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Real estate crowdfunding
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Real Estate Crowdfunding is the online pooling of capital from investors—the "crowd"—to fund mortgages secured by real estate, such as “fix and flip” rehabs, and equity for commercial and residential projects, acquisition of pools of distressed mortgages, home buyer down payments and similar real estate related outlets. [1]

JOBS ActEdit

On September 23 2013, Title II of the JOBS Act went into effect, leading to a surge in equity-crowdfunding and opening the door for small businesses and startup companies to publicly advertise their investment opportunities.[2][3] The enactment of Title II was a pivotal moment for real estate crowdfunding as it allowed for the creation of a marketplace for different platforms focusing on varying aspects of real estate investing.[4] Title II permits businesses to solicit capital only from accredited investors.[5]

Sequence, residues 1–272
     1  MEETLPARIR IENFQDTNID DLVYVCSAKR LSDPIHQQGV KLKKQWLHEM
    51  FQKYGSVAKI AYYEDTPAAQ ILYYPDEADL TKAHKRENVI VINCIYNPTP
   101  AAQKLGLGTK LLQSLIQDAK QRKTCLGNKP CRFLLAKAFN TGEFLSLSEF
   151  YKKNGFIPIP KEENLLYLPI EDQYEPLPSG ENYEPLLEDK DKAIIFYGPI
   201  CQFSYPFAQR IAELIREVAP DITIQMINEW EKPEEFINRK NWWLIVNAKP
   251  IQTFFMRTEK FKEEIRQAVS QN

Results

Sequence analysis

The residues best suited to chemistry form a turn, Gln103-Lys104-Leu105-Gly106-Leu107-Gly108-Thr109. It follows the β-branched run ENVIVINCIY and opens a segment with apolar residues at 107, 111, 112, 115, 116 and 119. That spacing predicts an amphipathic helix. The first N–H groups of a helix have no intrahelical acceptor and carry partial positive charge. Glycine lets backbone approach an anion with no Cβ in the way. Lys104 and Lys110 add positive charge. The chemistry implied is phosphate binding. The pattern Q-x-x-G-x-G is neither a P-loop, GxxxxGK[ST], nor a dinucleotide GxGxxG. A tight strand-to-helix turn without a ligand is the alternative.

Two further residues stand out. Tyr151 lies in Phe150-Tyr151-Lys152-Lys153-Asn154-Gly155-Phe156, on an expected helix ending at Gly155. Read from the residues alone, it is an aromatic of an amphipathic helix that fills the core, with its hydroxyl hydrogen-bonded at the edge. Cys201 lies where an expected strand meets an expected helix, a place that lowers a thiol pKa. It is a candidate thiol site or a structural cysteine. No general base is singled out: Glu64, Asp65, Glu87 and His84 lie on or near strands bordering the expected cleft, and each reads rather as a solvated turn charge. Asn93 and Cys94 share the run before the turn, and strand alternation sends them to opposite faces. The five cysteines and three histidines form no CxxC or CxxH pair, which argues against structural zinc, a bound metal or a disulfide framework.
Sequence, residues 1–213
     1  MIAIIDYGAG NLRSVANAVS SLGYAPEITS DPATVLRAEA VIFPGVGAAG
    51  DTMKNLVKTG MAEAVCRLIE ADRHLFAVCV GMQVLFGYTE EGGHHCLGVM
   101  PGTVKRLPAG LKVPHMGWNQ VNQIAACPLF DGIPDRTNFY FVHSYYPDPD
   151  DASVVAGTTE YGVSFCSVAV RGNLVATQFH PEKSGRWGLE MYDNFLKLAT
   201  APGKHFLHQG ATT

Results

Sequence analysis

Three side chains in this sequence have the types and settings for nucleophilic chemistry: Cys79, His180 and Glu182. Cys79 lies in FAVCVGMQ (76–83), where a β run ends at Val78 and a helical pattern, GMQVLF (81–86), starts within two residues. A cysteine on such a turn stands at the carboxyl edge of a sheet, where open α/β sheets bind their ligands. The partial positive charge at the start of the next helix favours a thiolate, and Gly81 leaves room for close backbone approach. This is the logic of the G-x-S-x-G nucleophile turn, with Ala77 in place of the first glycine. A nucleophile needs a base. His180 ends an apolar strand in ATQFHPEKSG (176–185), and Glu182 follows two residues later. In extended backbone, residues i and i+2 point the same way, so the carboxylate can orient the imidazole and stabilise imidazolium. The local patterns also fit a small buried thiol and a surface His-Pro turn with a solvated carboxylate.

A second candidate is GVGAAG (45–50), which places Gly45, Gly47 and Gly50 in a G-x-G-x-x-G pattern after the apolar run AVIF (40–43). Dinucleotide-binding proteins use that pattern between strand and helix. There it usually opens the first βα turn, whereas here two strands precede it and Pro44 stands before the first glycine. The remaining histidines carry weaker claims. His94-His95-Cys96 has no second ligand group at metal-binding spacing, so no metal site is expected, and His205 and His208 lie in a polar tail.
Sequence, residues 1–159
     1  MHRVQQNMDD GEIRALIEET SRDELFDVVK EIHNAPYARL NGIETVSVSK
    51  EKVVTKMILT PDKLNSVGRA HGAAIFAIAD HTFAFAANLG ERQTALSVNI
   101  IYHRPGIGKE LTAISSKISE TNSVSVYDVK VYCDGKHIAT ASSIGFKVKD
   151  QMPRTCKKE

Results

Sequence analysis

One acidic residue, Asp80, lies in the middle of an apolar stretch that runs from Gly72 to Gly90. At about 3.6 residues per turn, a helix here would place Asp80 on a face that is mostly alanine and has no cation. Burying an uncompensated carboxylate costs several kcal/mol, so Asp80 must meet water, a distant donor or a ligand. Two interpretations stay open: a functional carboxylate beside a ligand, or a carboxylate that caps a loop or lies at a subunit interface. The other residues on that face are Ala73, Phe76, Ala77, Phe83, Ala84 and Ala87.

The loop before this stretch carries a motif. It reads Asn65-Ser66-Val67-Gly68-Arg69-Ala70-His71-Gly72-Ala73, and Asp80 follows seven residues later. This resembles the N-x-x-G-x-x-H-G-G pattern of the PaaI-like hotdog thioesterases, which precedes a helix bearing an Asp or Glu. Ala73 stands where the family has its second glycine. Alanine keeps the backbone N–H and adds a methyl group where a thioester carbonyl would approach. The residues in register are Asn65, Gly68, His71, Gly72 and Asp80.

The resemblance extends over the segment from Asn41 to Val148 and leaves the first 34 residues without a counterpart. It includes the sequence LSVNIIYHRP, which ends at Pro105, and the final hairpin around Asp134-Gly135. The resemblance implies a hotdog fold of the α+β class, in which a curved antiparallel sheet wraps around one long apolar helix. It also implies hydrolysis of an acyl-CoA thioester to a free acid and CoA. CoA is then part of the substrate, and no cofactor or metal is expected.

Accreditation RequirementsEdit

According to the SEC, an accredited individual has an annual income of $200,000 or more, or, a combined income of $300,000 or more with their spouse. A person also qualifies as an accredited investor if their net worth is at least $1 million, or if they have a trust with assets amounting to at least $5 million.

Types of Real Estate CrowdfundingEdit

New Property DevelopmentEdit

Real estate crowdfunding has been used to fund new development projects such as retail centers, office buildings and multifamily properties.[6] The enactment of Title II has given real estate developers more outlets to obtain funding for their projects as opposed to previous methods such as bank loans and personal networking.[7]


Some real estate crowdfunding platforms offer opportunities to invest in the rehab or “fix and flip” of commercial properties.[8] Residential rehab projects have also been funded by real estate crowdfunding.[9]